Science questions are a fun and interesting way to learn about planet Earth, organisms and the universe. In this section you'll find an incredible collection of science questions covering a wide variety of topics.
Plus, you're probably merging into traffic all wrong, and we help you get smart about your smartphone battery.
Plus, Georgia Tech researchers figured out an 'easy' way for you to learn Morse code, and we explain why U.S. citizens vote on a Tuesday in November.
Plus, WikiLeaks founder Julian Assange found himself without internet access, and Facebook really isn't helping your fear of missing out.
Plus, you'll learn about a semi-autonomous car that can be steered with a tilt of the head, and you'll meet the family that inspired a familiar saying.
Plus, new studies have found that horses can communicate with us humans better than we thought, and your walk says more than you realize about your personality.
Plus, Saudi women are challenging the current guardianship system, and we bid a fond farewell to Rosetta.
Plus, divers just found some 2,000-year-old human bones! Listen to the HowStuffWorks Now podcast to get the scoop on that story and more.
Plus, robots are angling for nearly 8.7 million U.S. jobs by 2021, and the superhero team has been around for way longer than you might guess.
Cuttlefish can count to five! Plus, catfish appetites know no bounds, and China has big plans for an underwater lab.
Sharing isn't always caring when it comes to spiders. Plus, adult women may not be getting autism diagnoses, and Earth could be entering a new epoch, courtesy of humans.
Plus, Microsoft Excel is sometimes autocorrecting science, and Seattle is looking to address its opioid problem by opening safe houses for drug use.
You've always wondered whether your dog would choose you over food. Now, scientists have some answers. Plus, the team covers chemtrails and a much more agreeable Venus.
We're close to slaying Guinea worm in humans, only now it's arisen in dogs. The team also has news on humpbacks and on how personality and musical taste are intertwined.
That's what Moon Express must be singing after it got permission to go to the moon. Plus, HowStuffWorks Now covers universal basic income and myths that are real.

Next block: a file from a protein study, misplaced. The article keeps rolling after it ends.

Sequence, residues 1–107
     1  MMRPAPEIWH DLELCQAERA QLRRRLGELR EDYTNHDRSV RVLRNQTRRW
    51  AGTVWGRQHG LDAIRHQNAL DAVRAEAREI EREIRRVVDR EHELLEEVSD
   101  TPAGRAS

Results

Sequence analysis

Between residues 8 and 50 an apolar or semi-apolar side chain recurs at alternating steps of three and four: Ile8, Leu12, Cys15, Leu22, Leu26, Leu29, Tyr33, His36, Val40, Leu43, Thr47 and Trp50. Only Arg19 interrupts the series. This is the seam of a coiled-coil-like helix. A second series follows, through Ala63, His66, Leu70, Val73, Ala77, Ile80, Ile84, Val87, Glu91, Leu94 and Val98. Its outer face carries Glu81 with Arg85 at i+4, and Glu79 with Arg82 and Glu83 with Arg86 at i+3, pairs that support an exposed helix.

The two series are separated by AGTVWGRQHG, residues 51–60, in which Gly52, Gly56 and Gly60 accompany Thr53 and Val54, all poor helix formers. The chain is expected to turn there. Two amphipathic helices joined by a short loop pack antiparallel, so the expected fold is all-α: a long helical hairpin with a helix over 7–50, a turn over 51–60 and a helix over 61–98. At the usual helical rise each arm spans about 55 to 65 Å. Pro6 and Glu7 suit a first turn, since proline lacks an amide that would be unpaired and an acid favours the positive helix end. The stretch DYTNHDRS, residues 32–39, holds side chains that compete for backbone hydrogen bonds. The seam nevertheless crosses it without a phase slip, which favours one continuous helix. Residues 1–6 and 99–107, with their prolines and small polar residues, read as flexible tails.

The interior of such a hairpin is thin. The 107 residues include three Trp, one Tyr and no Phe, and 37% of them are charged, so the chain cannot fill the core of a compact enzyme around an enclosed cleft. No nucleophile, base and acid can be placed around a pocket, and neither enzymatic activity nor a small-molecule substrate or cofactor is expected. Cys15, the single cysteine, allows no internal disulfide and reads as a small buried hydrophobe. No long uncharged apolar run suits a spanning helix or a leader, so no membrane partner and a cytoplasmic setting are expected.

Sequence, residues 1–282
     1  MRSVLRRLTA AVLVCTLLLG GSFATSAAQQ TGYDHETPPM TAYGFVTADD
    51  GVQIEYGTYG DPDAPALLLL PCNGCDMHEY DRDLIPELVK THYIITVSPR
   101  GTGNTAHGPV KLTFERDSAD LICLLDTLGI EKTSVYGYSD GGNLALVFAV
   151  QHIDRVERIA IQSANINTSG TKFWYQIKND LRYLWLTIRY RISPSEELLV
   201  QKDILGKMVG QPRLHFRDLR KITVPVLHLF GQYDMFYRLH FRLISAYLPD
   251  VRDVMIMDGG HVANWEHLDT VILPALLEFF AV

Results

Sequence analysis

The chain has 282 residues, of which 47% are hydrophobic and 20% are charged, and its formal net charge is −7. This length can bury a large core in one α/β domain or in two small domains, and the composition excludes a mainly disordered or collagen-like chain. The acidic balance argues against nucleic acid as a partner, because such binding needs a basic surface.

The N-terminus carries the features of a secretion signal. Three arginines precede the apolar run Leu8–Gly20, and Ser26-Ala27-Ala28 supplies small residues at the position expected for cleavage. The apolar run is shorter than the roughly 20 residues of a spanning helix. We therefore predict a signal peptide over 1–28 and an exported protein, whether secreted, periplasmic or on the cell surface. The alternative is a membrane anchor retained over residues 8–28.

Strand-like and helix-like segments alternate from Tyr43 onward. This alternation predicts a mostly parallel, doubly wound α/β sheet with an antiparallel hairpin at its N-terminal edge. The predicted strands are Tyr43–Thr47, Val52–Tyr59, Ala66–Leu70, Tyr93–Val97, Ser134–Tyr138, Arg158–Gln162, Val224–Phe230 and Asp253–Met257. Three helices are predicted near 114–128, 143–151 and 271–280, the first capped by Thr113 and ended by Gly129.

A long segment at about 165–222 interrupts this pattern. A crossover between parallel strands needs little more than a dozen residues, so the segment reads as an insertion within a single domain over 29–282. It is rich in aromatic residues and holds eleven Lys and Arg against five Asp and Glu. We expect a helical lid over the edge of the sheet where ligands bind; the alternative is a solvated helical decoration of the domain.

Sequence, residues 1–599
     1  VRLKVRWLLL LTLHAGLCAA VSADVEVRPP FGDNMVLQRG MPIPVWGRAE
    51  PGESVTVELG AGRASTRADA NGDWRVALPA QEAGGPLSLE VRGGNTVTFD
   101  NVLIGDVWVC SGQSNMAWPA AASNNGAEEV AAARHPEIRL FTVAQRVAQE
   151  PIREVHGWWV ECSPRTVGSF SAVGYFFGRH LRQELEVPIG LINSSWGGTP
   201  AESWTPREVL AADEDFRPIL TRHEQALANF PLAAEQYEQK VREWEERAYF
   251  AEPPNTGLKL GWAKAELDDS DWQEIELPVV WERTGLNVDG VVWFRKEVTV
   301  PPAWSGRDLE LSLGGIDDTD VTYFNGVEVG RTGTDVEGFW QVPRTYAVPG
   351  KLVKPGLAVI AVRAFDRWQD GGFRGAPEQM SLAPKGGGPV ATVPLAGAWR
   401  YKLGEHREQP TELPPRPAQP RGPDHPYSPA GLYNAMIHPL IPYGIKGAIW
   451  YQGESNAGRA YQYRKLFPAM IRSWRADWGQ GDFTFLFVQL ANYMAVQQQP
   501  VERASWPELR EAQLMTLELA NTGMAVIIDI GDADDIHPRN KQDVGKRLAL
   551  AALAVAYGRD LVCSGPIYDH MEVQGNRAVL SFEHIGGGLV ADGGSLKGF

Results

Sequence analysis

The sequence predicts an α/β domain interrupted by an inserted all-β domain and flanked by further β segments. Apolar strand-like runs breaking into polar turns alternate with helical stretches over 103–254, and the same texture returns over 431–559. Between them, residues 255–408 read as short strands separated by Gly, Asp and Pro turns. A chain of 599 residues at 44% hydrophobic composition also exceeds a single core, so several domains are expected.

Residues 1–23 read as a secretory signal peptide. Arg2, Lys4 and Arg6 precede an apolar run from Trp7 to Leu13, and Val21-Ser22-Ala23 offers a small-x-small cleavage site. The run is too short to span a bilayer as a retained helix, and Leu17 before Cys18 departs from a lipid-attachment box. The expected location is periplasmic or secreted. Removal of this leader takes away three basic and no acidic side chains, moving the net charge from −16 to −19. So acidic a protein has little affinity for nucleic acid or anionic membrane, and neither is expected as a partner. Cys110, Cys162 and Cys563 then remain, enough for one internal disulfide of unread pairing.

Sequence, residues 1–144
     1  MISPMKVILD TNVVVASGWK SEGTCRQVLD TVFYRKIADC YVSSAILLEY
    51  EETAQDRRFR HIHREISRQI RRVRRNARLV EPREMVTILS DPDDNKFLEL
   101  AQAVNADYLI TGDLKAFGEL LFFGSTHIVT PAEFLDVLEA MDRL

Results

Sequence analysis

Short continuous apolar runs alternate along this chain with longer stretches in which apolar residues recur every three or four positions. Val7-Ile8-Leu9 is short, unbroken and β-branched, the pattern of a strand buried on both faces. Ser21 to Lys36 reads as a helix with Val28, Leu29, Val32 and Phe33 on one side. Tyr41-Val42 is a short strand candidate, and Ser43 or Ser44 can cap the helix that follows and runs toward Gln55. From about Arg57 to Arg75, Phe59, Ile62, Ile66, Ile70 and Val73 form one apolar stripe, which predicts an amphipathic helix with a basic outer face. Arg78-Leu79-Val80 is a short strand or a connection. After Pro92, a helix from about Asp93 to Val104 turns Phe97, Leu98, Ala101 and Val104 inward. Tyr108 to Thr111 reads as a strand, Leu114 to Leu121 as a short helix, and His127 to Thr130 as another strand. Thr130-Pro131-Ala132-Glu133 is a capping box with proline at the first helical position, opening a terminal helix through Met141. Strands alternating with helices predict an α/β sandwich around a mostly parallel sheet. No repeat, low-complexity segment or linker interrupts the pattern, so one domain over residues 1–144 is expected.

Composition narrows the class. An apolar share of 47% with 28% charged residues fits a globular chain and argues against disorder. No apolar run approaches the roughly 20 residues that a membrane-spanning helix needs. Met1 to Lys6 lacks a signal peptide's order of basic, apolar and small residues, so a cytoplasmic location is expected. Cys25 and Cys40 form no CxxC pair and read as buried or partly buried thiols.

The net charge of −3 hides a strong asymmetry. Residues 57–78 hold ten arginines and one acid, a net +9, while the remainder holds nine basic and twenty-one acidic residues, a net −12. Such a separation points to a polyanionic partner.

Plus, HowStuffWorks Now covers the rise of mosquito factories and new research suggesting that investing in public companies with lower-paid CEOs might be a good call.
The practice of clapping to show our approval is an ancient one. But recent research suggests that applause actually spreads like a contagious disease.
Plus, Alexander McQueen could live on in one seriously unique leather jacket, and Jonathan Strickland explains the fun phenomenon of voxels.
Plus, the team investigates whether all U.S. gun violence is on the rise and reports on one way lions, cattle and cattle farmers could coexist more peacefully.
This week, the team reports on a fatal car accident involving the Tesla Model S, gives you a taste for transhumanism and looks at how marijuana can affect your emotions.
Plus, the HowStuffWorks Now podcast also brings you bad news about childhood moves and unusual news about a man and his beloved phone.
Plus, the HowStuffWorks Now podcast brings you good news about chocolate and Supreme Court news about illegally obtained evidence.
This week the HowStuffWorks Now podcast team talks about some criminal avocado activity, a life hack for better memory and a heavy lifting, shape-shifting polymer.
This week the HowStuffWorks Now podcast team talks about some good news for comics, a vaccine that may treat cancer and the link between human health and light exposure.
This week the HowStuffWorks Now podcast team reports on King Tut's meteoric dagger, Jeff Bezos' space business plan and some alarmingly old U.S. government computers.
Very often, media coverage of scientific studies is misleading or just plain wrong. What do scientists think would make it better?